Can Students Really Multi-task?

Students in Computer Lab

A couple of nights ago, as I was falling asleep in front of the TV, I caught part of a PBS program on about the prevalence of electronic devices in our daily lives. The segment I was watching focused on very high-achieving students at MIT and Stanford and their inseparability from their laptops, tablets, iPhones, and other electronic communications devices on campus. As a high school teacher, I was somewhat horrified to see how freely they use these devices in classes, lectures, etc. The assumption is that they are used as aids to note-taking and comprehension. Professors don’t seem to mind these behaviors. What was explained was that in fact, students frequently multi-task during class, performing such actions as checking e-mail, texting, and chatting online. Students were interviewed, and confidently admitted to performing three, four, or more electronic tasks at a time while in class, asserting that their learning was not hindered in any way by their divided attention.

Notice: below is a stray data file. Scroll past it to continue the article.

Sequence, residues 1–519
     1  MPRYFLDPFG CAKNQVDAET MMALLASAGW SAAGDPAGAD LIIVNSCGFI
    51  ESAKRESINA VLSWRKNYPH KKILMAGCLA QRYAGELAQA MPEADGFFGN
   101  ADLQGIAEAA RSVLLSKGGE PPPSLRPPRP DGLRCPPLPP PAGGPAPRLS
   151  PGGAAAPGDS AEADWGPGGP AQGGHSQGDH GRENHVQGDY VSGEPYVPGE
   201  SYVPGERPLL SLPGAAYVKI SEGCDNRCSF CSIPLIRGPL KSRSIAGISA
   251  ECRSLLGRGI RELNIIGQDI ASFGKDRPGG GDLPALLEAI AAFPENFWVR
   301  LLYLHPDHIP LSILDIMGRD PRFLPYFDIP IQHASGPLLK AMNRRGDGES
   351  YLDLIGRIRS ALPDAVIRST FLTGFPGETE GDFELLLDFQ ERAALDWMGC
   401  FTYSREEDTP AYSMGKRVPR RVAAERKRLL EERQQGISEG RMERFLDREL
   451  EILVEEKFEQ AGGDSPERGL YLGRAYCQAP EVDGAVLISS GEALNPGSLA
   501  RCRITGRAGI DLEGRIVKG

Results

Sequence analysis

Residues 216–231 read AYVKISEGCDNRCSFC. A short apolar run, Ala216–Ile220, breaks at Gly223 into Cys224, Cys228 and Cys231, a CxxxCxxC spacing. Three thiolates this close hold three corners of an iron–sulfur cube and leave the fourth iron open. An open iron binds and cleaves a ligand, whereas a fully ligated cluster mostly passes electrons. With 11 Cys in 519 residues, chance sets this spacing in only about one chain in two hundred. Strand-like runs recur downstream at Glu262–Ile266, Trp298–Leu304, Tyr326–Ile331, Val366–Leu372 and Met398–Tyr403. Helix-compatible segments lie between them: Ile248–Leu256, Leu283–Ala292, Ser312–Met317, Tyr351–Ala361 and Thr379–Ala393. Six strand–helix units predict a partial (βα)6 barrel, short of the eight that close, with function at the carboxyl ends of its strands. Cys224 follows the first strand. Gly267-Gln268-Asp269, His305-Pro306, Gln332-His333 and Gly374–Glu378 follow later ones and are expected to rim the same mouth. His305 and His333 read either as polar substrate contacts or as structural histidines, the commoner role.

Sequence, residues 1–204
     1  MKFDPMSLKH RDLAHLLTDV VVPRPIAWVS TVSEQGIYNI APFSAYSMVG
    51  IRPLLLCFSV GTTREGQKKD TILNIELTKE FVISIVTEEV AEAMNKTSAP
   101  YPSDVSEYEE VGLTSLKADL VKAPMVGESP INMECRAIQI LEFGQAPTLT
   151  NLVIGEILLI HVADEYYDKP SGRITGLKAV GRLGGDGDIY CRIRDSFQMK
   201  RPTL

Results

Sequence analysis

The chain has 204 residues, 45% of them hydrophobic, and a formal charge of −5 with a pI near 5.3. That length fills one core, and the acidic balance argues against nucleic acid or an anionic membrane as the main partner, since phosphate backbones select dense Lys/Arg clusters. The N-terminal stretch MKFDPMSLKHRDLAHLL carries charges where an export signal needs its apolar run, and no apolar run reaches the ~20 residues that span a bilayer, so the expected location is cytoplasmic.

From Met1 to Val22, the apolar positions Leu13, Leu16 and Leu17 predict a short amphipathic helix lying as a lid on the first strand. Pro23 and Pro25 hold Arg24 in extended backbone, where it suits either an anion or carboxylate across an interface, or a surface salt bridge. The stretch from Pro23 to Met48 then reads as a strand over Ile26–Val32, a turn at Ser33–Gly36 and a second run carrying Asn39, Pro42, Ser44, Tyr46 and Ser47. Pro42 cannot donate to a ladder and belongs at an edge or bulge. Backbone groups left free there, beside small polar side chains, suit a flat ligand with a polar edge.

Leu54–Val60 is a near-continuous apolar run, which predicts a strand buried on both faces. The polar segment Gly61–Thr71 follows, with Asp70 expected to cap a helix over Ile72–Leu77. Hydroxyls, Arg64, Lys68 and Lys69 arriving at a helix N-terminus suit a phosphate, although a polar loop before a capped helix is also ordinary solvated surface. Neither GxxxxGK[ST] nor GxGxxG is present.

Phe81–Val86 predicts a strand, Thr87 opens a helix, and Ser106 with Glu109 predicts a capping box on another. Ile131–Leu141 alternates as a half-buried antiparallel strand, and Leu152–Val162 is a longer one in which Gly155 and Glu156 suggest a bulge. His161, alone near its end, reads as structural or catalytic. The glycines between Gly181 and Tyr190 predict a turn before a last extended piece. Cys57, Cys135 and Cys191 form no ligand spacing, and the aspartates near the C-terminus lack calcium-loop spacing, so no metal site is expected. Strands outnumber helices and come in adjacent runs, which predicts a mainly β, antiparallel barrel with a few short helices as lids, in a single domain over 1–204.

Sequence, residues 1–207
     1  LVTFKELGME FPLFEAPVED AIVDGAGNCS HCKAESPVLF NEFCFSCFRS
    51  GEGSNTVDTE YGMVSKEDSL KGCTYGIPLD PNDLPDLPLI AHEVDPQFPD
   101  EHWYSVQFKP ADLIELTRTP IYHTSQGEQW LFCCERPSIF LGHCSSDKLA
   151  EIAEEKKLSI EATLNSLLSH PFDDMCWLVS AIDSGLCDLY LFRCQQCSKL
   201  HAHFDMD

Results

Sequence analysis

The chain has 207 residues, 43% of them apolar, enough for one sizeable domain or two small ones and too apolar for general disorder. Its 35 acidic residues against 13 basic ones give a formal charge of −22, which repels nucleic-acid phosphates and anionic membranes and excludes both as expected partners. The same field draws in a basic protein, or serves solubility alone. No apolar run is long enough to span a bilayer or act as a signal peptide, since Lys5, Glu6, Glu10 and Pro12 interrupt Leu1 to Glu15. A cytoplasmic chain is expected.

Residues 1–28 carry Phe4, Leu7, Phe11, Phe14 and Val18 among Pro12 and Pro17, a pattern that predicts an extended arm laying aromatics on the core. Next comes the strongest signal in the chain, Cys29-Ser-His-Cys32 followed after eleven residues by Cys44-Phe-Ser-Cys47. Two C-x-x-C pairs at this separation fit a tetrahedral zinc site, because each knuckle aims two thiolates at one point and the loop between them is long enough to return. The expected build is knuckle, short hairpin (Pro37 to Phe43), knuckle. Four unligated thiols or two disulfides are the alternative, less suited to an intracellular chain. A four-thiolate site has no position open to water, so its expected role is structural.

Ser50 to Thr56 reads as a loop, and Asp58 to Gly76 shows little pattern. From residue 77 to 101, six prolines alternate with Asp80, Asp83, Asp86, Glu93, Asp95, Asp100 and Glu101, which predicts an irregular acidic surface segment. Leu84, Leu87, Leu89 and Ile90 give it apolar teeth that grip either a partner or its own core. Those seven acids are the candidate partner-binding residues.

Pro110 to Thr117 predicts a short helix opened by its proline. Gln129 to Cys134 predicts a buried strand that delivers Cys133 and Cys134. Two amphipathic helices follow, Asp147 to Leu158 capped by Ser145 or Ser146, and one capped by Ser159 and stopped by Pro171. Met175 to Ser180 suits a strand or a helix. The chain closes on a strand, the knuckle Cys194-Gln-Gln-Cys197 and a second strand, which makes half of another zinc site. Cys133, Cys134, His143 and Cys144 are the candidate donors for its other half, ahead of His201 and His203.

An interview with the professors of some of the multi-taskers, however, revealed that students who multi-tasked in class performed lower on tests than one would expect of a bright student who had been paying attention every day in class. There were also some brain imaging tests performed that showed that multi-taskers retained less than non -multi-taskers. The consensus of professors and scientific researchers seemed to be that multi-tasking interferes with learning. (I sort of went, “Duh.”)

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Author: Writewireless

I am a thinker, educator, and writer, who teaches English, French, design, and career skills. My articles and posts about being human, teaching, careers, parenting, travel, and world affairs have been published in various newsletters, websites, and blogs. I currently teach and inspire young people to write and to explore the world.

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